Tag: Dr. Charissa Terranova

Dr. Charissa N. Terranova, Associate Professor of Aesthetic Studies


Charissa N. Terranova will be publishing her next monograph, Biology in the British Bauhaus: Morphogenic Modernism in Art, Science, and Design, on Bloomsbury Press. Forthcoming in 2019, the book studies a culture of creative interaction across fields in twentieth-century Britain that began in the German Bauhaus during the 1920s. With the emigration of figures from the Bauhaus to London during the 1930s, a new field of creative action unfolded according to the logic of biological emergence. Emergent form, like embryos, takes shape through integrative levels, with greater complexity and unique form arising from lower levels but irreducible to them. The precepts of modern German design took hold among a group of embryologists, geneticists, crystallographers, and physicists creating a panoply of pioneering exhibitions, publications, laboratory experiments, and art and design projects across the twentieth century. Terranova shows how such collaborations created extraordinary outcomes in the arts, humanities, and sciences alike.

Forthcoming on Bloomsbury Press 2019, D’Arcy Wentworth Thompson’s Generative Influences in Art, Design, and Architecture: From Forces to Formsis an anthology coedited by Ellen K. Levy and Charissa N. Terranova about the Scottish zoologist-mathematician D’Arcy Wentworth Thompson. With essays by fourteen international scholars of art, science, and design, the book situates Thompson within both scientific and cultural domains that are themselves interwoven. It pursues largely overlooked dimensions of evolutionary theory and form generation, including the roles of aesthetics, agency, and relationships of parts to wholes.



Charissa N. Terranova leads a dialogue between six internationally renowned scholars of modern and contemporary art history about artist and impresario György Kepes. Titled György Kepes’s Vision + Values Series and the Origins of Cybernetic Art, this gathering is open to the public and takes place 10 am – 12 pm Saturday October 13 at the Nasher Sculpture Center. Audience participation is encouraged.

Kepes was a renaissance man and shapeshifter of modernism. A pioneer of new media art and heir of the Bauhaus, Kepes pushed modernist experimentalism into new realms. He incorporated science and technology as a means to rethink the avant-garde through cybernetics, both organic and mechanical. Prior to an almost thirty-year career as professor at MIT 1947-1974, he lived in North Texas, making lifelong connections here and leaving a trail of fascinating art and design projects. Join us and engage in a discussion about the life of Kepes, a second-generation Bauhaus figure, who spent a year in North Texas before embarking on his career at MIT. This event is supported by the Terra Foundation for American Art, the Edith O’Donnell Institute for Art History, and the Nasher Sculpture Center.



Charissa N. Terranova has been invited, along with Pomona College Professor of French Claire Nettleton, to give a talk at Being Human, a symposium in London sponsored by publishing house Palgrave-Macmillan and the University of London in partnership with the Arts & Humanities Research Council and the British Academy on Tuesday, November 20, 2018. Terranova and Nettleton will give a presentation titled Viral Culture: How CRISPR Gene-Editing and the Microbiome Transform Humanity and the Humanities.



Dr. Charissa N. Terranova is co-chairing with Pomona College Professor Claire Nettleton Culturing Bacteria: How Microbes Reconfigure Mind, Art, and the Humanities, a double panel of eight scholars at the annual meeting of the Society for Literature, Science, and the Arts November 14-18, 2018 in Toronto, Ontario. Scholars from the arts, humanities, and natural sciences will present work on the new materialist politics that has arrived in the form of microbiota. Scientific data about bacteria in the air, ocean, and on and in bodies of all living matter reveal that humans are ecologically integrated in a multiverse of humming life. Recent studies have shown that ratio between human and bacterial cells within the human body to be 1:1. We are thus as human as we are bacterial. This panel explores the ways in which bacteria are commensal to all life, recasting minds outside of bodies, art beyond the realm of the gallery, and the humanities in terms of the inhumanities.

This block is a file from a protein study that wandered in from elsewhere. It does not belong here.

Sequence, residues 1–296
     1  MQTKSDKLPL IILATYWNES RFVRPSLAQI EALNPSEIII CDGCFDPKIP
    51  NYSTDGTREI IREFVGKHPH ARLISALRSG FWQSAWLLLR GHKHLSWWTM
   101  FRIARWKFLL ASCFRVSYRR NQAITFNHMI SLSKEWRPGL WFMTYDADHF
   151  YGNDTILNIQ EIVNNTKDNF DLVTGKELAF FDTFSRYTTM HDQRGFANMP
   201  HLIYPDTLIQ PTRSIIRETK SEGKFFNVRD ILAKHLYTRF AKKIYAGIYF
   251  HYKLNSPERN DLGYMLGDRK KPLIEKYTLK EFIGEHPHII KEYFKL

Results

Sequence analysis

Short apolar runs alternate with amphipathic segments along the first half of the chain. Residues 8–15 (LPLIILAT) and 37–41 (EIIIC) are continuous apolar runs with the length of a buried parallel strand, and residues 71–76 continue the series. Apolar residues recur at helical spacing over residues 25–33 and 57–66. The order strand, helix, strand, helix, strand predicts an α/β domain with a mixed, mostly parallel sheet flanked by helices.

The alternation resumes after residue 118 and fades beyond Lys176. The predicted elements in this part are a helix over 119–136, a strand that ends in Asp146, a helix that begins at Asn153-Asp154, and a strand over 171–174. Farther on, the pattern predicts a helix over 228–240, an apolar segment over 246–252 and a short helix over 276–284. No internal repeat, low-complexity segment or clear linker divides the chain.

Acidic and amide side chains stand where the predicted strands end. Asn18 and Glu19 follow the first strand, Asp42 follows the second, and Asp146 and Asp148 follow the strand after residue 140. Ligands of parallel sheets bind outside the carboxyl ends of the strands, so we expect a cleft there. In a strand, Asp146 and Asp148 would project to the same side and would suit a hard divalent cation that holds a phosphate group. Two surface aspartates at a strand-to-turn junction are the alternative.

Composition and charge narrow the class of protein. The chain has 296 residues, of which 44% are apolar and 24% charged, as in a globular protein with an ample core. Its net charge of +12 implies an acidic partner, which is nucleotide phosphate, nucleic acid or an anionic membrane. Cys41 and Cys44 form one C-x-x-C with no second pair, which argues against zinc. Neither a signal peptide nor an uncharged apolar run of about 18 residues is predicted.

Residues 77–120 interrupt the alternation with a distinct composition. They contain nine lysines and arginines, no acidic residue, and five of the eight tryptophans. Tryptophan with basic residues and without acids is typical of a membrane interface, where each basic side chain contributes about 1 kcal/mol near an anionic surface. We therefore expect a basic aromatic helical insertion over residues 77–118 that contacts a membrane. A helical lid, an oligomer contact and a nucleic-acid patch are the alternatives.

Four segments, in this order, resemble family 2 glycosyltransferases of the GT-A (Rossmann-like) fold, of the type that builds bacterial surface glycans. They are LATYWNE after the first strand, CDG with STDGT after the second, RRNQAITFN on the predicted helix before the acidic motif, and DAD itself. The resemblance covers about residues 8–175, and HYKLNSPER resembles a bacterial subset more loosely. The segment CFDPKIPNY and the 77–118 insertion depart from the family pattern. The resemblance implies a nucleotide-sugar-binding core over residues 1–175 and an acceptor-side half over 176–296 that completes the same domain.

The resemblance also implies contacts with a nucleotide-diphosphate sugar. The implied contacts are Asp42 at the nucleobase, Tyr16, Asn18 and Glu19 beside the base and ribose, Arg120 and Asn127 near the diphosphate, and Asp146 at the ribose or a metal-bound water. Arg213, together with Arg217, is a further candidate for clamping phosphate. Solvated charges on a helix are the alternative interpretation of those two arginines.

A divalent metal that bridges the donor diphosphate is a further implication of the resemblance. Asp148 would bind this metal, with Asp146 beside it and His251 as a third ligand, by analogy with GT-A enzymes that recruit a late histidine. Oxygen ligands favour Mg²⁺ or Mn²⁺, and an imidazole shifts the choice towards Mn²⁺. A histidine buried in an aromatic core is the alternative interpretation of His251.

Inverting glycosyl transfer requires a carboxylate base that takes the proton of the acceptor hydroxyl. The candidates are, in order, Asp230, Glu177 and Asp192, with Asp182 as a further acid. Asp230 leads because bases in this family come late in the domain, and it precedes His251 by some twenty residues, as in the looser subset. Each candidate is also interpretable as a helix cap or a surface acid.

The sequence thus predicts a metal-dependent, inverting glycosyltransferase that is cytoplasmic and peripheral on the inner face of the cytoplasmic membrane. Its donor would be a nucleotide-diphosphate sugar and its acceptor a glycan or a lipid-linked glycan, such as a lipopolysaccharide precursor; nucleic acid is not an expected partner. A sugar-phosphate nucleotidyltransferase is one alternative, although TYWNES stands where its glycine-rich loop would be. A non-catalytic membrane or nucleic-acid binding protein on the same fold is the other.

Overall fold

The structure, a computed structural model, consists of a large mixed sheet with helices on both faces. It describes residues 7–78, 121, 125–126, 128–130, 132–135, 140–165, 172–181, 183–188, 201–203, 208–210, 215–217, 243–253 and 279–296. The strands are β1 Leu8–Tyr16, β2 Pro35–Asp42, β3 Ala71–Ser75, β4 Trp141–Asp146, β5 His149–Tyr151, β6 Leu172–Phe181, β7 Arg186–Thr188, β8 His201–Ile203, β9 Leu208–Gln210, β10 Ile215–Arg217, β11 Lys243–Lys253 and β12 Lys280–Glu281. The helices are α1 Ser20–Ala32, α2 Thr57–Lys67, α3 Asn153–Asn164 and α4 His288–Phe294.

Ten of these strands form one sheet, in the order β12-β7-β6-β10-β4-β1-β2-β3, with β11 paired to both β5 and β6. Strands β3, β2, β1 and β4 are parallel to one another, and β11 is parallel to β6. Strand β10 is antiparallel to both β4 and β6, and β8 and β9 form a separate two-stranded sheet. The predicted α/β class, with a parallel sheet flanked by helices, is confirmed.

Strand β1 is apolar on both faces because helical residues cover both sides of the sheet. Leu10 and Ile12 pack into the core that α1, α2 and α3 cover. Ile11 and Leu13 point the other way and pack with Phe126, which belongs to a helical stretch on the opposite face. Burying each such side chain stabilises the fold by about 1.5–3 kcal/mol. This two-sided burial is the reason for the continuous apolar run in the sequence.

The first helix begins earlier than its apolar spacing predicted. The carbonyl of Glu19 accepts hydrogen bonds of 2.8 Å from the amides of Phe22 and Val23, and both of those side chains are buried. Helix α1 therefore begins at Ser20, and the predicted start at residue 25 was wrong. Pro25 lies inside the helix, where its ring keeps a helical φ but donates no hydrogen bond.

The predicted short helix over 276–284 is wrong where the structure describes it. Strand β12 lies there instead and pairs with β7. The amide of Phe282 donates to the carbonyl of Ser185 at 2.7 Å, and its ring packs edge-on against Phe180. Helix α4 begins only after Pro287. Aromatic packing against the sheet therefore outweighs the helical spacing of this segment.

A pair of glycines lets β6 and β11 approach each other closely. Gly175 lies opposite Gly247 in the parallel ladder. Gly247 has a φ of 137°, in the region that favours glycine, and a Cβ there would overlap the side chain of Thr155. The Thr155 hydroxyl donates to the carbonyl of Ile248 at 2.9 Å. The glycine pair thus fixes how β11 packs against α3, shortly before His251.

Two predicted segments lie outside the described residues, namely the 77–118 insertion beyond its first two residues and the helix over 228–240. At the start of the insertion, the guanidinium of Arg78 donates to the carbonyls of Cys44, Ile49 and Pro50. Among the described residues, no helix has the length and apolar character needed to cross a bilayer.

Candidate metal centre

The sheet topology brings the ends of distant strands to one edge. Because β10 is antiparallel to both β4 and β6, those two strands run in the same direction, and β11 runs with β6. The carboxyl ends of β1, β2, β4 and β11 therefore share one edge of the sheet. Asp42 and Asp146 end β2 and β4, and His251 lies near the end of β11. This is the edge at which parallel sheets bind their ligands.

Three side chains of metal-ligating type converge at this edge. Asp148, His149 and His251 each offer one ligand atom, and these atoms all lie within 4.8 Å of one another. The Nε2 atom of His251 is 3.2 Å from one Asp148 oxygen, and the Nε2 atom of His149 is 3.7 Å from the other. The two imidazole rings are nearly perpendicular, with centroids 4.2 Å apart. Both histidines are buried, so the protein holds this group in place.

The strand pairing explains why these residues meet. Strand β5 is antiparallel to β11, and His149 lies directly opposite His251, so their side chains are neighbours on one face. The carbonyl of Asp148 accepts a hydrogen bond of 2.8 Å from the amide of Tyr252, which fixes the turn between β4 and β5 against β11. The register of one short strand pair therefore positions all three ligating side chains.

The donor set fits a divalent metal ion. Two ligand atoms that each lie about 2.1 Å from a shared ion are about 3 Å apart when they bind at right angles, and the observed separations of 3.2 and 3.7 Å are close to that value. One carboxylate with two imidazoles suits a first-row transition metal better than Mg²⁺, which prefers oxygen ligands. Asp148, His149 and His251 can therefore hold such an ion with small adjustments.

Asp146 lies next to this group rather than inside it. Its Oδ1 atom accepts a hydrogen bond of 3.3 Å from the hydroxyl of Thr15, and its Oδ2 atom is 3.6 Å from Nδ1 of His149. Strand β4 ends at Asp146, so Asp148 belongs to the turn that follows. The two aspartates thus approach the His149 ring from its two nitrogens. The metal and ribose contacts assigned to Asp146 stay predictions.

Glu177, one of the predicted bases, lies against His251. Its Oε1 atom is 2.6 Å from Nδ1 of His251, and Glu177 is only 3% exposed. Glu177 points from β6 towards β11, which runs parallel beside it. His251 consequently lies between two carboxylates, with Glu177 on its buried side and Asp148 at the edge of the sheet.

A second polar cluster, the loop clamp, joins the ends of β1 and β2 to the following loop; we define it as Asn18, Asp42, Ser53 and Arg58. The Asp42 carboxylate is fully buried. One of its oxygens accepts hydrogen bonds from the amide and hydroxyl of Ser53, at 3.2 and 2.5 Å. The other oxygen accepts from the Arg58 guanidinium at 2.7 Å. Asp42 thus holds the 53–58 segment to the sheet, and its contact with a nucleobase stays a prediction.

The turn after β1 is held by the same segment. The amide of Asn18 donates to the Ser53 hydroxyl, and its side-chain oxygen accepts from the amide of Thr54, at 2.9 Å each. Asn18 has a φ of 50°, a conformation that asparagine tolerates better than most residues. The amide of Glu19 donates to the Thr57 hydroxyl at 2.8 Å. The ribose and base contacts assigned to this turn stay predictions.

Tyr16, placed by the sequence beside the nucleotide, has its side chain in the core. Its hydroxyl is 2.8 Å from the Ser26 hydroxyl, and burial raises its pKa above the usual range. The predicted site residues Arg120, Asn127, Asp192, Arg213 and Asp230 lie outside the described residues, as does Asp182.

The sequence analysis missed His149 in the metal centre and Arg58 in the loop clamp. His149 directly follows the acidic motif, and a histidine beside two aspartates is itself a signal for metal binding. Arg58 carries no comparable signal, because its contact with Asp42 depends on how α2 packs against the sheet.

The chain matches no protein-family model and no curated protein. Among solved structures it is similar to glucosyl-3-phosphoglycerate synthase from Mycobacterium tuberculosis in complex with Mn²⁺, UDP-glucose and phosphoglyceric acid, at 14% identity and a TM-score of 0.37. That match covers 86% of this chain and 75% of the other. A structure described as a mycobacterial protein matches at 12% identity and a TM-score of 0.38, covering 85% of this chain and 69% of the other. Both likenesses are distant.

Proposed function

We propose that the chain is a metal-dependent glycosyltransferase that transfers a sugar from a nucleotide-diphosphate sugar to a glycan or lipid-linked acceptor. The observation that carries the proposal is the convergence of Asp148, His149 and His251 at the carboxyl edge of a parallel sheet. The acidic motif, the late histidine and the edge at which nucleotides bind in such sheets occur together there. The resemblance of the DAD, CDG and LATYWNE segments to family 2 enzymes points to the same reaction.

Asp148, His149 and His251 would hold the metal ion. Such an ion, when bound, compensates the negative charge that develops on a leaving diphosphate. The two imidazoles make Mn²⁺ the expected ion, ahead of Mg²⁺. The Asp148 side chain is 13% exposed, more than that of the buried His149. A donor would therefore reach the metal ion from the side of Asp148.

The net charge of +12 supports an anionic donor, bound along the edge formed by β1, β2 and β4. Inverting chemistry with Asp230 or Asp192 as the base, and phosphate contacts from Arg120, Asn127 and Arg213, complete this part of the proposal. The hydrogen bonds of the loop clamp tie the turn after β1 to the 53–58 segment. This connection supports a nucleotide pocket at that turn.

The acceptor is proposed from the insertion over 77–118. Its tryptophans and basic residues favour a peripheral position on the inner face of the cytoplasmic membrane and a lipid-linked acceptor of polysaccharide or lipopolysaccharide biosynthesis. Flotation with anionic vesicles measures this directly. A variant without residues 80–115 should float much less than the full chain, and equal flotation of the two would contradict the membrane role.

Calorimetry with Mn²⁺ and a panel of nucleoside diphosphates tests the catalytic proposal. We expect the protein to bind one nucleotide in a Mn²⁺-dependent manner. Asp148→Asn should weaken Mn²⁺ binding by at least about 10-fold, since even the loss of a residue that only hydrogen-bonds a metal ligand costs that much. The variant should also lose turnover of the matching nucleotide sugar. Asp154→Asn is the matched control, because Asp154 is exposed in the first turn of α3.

Dr. Charissa Terranova, Associate Professor of Aesthetic Studies

The anthology D’Arcy Wentworth Thompson’s Generative Influences in Art, Design, and Architecture: From Forces to Forms, coedited by Dr. Charissa N. Terranova Ellen K. Levy, has been contracted by Bloomsbury Press.

In November 2017, Terranova gave the talk, “Bacteriophiles Unite! The Protean Identity Politics of Bacteria within Bioart” at the annual meeting of the Society for Literature, Science, and the Arts in Tempe, Arizona. The paper was part of the panel Other Signals: Communication among Forms of Embodiment, chaired by Meredith Tromble.

In October 2017, Terranova went to the UK for research and to give a conference talk and three invited lectures. The conference talk was titled, “Space, Time, Visualization: D’Arcy Wentworth Thompson, Joseph Plateau, and the History of Art-Sci Imaging,” at the Centenary Celebration of D’Arcy Wentworth Thompson’s On Growth and Form, University of Dundee, in Scotland. Other talks included “Fearless Polymathy: The Morphogenic Modernism of British Art-Science-Design,” at LASER, Leonardo/The International Society for the Arts, Science, and Technology, in London and “Modeling Expanded Evolution: The Work of D’Arcy Wentworth Thompson, Stuart Kauffman, and Gemma Anderson,” at a workshop on D’Arcy Wentworth Thompson that was co-sponsored by the Lorentz Center and University of Amsterdam, Leiden, NL.

Director’s Welcome

Richard Brettell – AH – Margaret M. McDermott Distinguished Chair in Aesthetic Studies – Art History


Fall 2017 marks the beginning of the fourth full year of the Edith O’Donnell Institute of Art History. We have already done a good deal for the discipline of art history in North Texas—sponsored and co-sponsored symposia, scholars’ days, lectures, workshops, and festive gatherings for art historians in museums, universities, colleges, and galleries—and beginning to fulfill the mission encouraged by Mrs. O’Donnell of bringing the scattered community of art historians in Dallas-Fort Worth together as often as possible. We have also done very well in providing a nurturing environment for UT Dallas doctoral students, and six newly minted “Drs.” have been sent out into the world. We have brought scholars to Dallas from Switzerland, Italy, and Canada and are about to welcome a new colleague for a year-long visit from Harvard University. All in all, we can look back with pride on three action-packed and exciting years.